—–

For Jews, spirituality comes in the round of observing the commandments day after day, week after week. We are back to disagreement and discussion: some observe the commandments in ways more or less like the ways Jews very long ago observed them. Others find those interpretations of the commandments outmoded and in need of reinterpretation. One Jew will refrain from ever using the phone or any electronic device on Shabbat. Another will make sure to phone family and loved ones every Shabbat. Both are trying to keep Shabbat holy, each in their own way.

For some Jews, the synagogue service is key to spirituality. For others, the act of communal study (another commandment) is where they find spirituality. Others find it in appreciation and preservation of the wonders of nature, or in the work of healing or social justice. For the last couple of years, I’ve been pursuing growth in the mitzvah of hospitality, opening my home, nurturing relationships among people, feeding other people, and teaching Jewish home observance. Jewish tradition is vast, and it can accommodate many different tastes and personalities. What all these things have in common is the observance of mitzvot.

Which mitzvot are the keys to your Jewish spirituality? If you aren’t sure about the answer to that, experiment. Go to services regularly for a few months, and see what that does for you. Join a social action group or organization (do more than give money or share social media) and see how that feels. Find a Torah study group, or a Talmud study group. See where your Jewish soul blooms.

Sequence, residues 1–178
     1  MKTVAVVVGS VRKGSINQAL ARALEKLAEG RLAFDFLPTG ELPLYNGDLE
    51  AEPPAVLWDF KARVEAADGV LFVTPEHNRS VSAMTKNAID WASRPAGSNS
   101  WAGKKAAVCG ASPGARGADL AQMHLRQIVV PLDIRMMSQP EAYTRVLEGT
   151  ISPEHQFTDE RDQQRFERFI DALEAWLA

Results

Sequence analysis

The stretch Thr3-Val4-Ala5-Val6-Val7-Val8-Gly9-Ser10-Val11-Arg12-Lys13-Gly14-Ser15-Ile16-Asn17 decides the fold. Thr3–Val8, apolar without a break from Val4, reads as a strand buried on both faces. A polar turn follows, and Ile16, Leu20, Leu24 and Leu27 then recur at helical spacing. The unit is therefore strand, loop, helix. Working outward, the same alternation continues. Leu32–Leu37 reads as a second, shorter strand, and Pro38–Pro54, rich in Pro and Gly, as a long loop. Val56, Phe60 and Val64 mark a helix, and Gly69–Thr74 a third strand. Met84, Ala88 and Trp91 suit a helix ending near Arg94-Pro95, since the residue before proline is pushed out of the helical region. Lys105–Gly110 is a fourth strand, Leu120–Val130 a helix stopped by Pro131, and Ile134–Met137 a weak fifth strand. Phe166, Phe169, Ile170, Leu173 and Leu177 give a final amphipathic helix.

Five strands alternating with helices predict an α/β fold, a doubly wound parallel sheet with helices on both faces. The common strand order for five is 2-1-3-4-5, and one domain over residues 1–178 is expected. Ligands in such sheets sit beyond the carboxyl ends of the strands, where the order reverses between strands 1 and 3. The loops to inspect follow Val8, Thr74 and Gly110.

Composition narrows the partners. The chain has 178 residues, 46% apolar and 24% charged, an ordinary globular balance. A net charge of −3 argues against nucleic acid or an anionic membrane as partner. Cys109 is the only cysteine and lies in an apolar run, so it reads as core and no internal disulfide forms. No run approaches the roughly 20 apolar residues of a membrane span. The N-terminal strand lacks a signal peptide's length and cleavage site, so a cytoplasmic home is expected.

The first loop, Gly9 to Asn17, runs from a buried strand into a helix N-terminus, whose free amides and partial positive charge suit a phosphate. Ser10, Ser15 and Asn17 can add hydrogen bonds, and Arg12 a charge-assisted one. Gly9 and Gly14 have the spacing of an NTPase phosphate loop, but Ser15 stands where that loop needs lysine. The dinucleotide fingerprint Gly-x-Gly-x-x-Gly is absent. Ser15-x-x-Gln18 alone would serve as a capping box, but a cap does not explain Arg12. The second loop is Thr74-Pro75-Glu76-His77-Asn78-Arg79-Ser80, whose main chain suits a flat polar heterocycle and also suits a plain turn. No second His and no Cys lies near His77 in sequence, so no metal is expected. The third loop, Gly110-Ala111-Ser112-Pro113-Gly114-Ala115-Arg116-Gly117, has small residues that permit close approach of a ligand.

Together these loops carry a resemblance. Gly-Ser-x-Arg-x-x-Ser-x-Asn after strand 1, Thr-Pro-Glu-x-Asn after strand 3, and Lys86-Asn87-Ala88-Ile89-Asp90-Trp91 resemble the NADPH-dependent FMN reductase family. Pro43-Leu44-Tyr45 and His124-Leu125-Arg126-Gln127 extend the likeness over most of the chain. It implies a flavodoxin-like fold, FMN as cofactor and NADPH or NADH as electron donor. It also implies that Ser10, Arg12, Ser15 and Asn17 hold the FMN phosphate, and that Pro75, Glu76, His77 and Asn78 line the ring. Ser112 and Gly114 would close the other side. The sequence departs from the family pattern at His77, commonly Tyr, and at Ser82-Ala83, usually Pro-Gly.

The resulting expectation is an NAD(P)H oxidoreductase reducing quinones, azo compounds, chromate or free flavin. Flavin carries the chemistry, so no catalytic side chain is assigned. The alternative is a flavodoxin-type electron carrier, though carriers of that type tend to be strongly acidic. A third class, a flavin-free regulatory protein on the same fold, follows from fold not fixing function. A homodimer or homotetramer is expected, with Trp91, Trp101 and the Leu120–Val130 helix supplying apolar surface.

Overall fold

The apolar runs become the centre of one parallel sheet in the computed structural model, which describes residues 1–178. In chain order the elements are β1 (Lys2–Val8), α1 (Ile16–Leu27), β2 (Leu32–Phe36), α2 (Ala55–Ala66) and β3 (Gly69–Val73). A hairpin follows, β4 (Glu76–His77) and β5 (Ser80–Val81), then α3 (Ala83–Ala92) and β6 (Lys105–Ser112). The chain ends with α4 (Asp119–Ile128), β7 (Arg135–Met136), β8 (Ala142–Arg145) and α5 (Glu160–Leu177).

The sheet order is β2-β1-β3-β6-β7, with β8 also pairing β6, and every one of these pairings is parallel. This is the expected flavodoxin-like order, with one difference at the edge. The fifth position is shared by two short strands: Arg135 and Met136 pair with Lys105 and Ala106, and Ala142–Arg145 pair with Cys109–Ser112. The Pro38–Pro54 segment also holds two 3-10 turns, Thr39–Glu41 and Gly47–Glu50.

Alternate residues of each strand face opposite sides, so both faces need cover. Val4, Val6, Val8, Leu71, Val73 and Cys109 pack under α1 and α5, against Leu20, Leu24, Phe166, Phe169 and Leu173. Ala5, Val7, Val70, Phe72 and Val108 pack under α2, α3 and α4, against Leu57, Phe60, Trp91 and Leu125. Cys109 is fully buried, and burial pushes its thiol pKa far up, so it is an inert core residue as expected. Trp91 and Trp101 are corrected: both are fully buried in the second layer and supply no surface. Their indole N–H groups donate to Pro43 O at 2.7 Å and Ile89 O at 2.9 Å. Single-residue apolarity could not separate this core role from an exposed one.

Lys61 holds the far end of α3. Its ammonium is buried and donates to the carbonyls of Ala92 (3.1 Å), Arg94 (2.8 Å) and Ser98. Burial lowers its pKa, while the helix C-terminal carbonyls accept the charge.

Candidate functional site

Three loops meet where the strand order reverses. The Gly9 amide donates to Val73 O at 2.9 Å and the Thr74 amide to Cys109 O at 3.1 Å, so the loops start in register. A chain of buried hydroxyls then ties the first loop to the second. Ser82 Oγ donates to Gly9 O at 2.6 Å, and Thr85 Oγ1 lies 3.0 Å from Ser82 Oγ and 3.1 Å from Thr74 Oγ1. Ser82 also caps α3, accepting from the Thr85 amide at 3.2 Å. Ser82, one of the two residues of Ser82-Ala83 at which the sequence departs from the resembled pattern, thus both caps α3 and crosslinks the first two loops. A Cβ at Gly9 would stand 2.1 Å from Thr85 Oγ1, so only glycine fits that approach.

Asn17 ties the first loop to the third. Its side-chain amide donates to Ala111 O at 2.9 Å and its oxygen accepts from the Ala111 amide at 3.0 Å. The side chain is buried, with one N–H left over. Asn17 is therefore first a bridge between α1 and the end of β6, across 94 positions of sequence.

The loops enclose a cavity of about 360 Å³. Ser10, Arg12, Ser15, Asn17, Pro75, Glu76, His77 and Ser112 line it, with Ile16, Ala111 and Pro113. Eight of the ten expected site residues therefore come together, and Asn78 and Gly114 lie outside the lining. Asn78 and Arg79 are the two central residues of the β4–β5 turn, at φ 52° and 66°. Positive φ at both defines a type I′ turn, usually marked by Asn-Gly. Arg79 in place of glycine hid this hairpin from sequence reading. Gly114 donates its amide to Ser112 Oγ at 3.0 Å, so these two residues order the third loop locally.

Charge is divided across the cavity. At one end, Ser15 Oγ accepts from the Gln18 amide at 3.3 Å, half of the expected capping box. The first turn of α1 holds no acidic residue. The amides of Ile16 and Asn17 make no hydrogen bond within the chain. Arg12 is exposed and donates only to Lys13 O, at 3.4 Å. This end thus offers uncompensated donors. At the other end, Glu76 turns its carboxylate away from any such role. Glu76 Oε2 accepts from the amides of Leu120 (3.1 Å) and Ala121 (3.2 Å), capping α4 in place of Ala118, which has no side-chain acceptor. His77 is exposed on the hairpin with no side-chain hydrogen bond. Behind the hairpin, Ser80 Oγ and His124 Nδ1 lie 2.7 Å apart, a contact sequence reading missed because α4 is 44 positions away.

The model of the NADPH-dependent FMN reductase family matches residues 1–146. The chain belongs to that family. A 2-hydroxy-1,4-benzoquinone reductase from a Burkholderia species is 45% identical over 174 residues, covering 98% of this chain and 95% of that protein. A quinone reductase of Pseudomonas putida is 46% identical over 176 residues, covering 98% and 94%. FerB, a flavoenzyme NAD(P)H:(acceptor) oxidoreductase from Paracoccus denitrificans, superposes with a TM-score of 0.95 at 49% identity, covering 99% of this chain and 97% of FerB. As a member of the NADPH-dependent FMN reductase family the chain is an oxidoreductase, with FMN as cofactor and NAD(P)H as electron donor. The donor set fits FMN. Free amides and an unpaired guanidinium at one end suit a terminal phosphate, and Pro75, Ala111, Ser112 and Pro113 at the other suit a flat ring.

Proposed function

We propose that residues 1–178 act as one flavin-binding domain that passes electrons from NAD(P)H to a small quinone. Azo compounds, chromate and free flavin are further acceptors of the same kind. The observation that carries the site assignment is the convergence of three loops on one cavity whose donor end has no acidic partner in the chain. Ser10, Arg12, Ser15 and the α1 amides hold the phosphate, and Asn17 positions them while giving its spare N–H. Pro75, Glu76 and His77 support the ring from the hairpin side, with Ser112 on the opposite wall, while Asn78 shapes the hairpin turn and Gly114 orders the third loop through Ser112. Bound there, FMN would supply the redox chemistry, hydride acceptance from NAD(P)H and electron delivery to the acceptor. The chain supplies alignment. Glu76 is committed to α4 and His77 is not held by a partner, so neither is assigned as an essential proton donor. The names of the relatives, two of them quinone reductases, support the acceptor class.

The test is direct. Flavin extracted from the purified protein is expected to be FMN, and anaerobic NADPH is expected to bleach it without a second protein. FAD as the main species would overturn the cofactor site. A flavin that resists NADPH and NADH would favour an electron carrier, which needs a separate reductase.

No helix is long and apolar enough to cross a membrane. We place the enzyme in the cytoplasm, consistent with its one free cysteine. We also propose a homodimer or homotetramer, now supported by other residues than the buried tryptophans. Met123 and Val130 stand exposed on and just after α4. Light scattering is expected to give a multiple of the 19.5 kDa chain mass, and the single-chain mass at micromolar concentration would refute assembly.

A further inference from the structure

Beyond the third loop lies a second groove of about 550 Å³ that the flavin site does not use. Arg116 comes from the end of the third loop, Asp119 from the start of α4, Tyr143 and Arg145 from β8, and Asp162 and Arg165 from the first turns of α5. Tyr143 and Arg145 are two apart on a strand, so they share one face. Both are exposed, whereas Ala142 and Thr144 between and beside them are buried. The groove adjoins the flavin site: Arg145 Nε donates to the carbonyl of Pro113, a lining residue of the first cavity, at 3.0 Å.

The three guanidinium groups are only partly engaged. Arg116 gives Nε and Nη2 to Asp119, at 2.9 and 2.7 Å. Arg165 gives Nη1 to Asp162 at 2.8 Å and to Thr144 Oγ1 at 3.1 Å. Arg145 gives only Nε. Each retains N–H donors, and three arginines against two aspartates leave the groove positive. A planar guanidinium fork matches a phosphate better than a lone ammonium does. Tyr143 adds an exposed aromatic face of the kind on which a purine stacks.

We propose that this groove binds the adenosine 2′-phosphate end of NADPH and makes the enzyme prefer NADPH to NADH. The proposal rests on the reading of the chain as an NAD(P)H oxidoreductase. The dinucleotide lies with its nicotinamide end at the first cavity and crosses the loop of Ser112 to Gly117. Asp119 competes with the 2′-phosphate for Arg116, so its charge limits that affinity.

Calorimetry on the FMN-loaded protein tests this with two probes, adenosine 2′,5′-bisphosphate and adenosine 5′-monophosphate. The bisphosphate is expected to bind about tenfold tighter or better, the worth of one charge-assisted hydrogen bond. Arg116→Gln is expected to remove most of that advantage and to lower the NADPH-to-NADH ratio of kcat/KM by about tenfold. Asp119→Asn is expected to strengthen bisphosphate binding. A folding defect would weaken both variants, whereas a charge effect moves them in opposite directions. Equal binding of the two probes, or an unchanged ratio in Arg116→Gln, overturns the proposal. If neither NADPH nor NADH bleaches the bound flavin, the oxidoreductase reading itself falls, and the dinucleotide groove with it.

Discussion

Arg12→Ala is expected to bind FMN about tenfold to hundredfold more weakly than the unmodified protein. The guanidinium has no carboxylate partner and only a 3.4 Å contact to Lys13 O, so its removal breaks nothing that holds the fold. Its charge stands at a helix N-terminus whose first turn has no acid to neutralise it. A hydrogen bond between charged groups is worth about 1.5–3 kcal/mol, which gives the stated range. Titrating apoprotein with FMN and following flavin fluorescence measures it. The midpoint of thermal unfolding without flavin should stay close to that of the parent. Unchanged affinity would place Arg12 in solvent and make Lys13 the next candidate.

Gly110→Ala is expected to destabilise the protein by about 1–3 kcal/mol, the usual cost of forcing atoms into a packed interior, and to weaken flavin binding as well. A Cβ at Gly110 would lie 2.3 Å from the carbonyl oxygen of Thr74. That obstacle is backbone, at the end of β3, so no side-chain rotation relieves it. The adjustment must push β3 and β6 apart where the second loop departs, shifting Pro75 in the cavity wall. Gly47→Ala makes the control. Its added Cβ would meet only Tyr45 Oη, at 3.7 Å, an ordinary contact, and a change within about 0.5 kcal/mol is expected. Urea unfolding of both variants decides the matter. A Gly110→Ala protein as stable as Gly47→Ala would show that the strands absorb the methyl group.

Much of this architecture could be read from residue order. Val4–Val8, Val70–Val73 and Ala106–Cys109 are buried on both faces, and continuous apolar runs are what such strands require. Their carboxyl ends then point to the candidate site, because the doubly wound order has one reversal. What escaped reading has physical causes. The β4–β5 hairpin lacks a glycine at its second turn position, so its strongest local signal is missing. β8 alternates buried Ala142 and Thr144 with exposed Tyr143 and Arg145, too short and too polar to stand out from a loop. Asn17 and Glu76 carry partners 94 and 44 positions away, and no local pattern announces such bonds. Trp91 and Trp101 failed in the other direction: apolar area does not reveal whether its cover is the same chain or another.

A Jewish Birthday Greeting

You may hear one Jew say to another on a birthday: “Ad mea v’esrim!” [Ahd MAY-ah v’es-REEM] If you know your Hebrew numbers, you’ll know that this means “To 120!”

What on earth?

Parashat Vayelech begins:

Moses went and spoke these things to all Israel. He said to them: “I am now one hundred and twenty years old.” – Deuteronomy 31:1-2

This is the beginning of the death narrative of Moses, which will consume the rest of the book of Deuteronomy. We know from this that Moses was 120 at the time of his death. Yes, I know: awfully old. Perhaps Moses meant, “I FEEL 120.”

At any rate, when we say to a birthday person, “Ad mea v’esrim!” we are saying, “May you live to be a ripe old age, and as righteous as Moses!”